Retired Gen. Wesley K. Clark helped an Arkansas information company win a contract to assist development of an airline passenger screening system, one of the largest surveillance programs ever devised by the government.

Starting just after the Sept. 11, 2001, terror attacks, Clark sought out dozens of government and industry officials on behalf of Acxiom Corp., a data powerhouse that maintains names, addresses and a wide array of personal details about nearly every adult in the United States and their households, according to interviews and documents.

Clark, a Democrat who declared himself a presidential candidate 10 days ago, joined Acxiom’s board of directors in December 2001. He earned $300,000 from Acxiom last year and was set to receive $150,000, plus potential commissions, this year, according to financial disclosure records. He owns several thousand shares of Acxiom stock worth more than $67,000.

Clark’s consulting role at Acxiom puts him near the center of a national debate over expanded government authority to use personal data and surveillance technology to fight the war on terrorism and protect homeland security.

In a measure of the intensity of that debate, Congress this week cut funding to the Defense Department’s Information Awareness Office, a research project run by retired Adm. John M. Poindexter, after the office proposed a global data surveillance system to identify terrorists before they attack.

Recent news about the sharing of passenger information by JetBlue Airways Corp. with an Army contractor also raised privacy concerns. Acxiom helped provide data to that project, but Clark had no role in making the arrangements, the company said.

“The privacy impact of anti-terrorism initiatives is certain to be a major issue in the presidential campaign,” said David L. Sobel, general counsel at the Electronic Privacy Information Center, an advocacy group in the District.

“The public is extremely skeptical,” he said. “He owes the public an explanation as to how, if elected, he would limit the government’s expanding collection of personal information about citizens.”

Others believe that Clark faces skepticism about the money he took to represent Acxiom, even though many former military leaders have done the same thing.

“There’s something unseemly and, yes, mercenary, about a distinguished general lobbying for a company trying to get government contracts,” said Charles Lewis, executive director for the Center for Public Integrity.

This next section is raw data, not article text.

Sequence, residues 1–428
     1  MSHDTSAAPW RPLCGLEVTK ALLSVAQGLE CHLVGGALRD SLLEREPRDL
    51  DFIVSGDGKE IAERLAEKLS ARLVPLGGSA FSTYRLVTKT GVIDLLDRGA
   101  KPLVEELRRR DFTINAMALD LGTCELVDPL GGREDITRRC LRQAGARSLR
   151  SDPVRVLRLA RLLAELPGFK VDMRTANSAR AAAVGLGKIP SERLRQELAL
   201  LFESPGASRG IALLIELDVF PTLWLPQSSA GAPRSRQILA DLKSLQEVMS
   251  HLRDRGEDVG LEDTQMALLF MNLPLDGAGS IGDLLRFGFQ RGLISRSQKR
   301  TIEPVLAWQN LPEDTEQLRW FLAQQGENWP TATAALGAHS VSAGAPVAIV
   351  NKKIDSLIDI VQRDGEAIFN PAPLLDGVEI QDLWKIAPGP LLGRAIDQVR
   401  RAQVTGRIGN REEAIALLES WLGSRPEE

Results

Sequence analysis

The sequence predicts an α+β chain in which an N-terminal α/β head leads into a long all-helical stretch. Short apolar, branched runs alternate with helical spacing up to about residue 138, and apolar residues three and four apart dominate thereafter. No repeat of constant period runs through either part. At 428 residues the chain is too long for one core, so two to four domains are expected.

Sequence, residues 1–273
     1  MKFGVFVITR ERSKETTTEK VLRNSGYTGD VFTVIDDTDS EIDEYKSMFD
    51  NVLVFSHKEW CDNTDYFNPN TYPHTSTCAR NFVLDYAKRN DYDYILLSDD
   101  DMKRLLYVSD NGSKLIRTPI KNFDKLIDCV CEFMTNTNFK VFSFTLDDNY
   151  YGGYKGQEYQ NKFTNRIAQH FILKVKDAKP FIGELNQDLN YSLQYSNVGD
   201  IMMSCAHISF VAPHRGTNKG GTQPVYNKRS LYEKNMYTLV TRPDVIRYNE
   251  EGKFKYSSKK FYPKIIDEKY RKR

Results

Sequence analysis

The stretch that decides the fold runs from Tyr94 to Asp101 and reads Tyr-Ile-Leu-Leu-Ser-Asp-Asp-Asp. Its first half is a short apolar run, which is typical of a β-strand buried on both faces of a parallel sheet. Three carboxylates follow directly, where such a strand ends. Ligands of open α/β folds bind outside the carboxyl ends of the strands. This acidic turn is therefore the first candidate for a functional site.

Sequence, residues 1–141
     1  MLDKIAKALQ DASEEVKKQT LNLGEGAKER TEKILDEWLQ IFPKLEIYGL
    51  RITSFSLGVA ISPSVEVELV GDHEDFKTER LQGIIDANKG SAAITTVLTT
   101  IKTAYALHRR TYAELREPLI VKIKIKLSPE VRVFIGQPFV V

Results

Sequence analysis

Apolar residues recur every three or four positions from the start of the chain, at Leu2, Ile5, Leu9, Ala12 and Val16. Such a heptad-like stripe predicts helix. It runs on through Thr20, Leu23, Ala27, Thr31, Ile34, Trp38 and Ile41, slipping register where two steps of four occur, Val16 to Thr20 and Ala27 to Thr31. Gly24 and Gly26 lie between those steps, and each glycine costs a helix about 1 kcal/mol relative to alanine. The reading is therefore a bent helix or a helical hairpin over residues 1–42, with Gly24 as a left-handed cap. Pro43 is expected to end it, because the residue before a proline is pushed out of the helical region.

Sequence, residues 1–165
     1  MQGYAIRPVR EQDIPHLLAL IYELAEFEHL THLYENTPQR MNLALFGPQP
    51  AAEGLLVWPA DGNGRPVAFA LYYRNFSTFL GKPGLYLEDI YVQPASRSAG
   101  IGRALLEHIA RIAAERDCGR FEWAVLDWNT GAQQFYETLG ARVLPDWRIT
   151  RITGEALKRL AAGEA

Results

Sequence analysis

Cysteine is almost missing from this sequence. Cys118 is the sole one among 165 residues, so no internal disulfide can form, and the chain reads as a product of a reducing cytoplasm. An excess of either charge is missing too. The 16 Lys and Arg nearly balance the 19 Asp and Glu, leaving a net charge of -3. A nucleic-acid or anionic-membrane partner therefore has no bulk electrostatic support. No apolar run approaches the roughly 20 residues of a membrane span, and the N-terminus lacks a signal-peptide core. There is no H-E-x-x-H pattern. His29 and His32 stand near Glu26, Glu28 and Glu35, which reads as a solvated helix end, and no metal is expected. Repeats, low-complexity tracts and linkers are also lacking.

Clark declined repeated requests in recent weeks to discuss the lobbying and his thoughts on information policy. After announcing his presidential ambitions, Clark quit working as a consultant for Acxiom but maintained his seat on the company’s board.

As a consultant, he helped the company win a government contract worth an undisclosed amount to provide data and consulting services to the CAPPS II program. CAPPS II is the second-generation computer-assisted passenger screening system, a network that Transportation Secretary Norman Y. Mineta once described as “the foundation” on which all other, far more public aviation security measures depend.

A senior executive at Acxiom said Clark began knocking on doors for the company, without pay, out of patriotic impulses shortly after the Sept. 11 attacks. Jerry Jones, Acxiom’s general counsel and business development leader, said the company also wanted to do its part in the war on terrorism.

Acxiom is a data integrator that manages billions of records for some of the nation’s top banks, retailers and marketers. The company said it has “the largest collection of U.S. consumer and telephone data available in one source” — data that is used in part to enhance others’ records and authenticate identities.

“We reached out to him as someone who might get the attention in Washington of our capabilities,” Jones said. “He was looking for ways to help make the country safer and more secure.”

After joining the company’s board in December 2001, Clark quickly arranged for executives to talk with officials at FinCEN, a Treasury Department agency responsible for financial intelligence and initiatives to combat money-laundering.

Clark also has met on the company’s behalf with officials at the Department of Justice, the CIA, the Department of Transportation, the Transportation Security Administration and Lockheed Martin Corp., the defense contractor that is heading up CAPPS II.

Government and industry officials who have attended meetings with Clark described him as thoughtful and persuasive. Jones, the Acxiom official, said Clark repeatedly stressed the need to “properly balance legitimate privacy interests and the need for security.” Jones said that was a core theme of Acxiom’s effort to win government contracts.

In a meeting at the Department of Transportation in January 2002, according to participants, Clark described a system that would combine personal data from Acxiom with information about the reservations and seating records of every U.S. airline passenger.

With officials from an Acxiom partner sitting nearby, he explained that computers would examine the data — massive amounts of information about housing, telephone numbers, car ownership and the like — for subtle signs of terrorist intentions. The system would authenticate the identity of every passenger, he told the government officials at the meeting.

Implementation of CAPPS II has been delayed several times because of a mix of technological hurdles and concerns about its potential intrusiveness.

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© 2003 The Washington Post Company

This is a CIR-assisted report. O’Harrow is presently receiving support from CIR for his investigation of post-September 11 government surveillance, which will result in a book to be published by Free Press in 2004.

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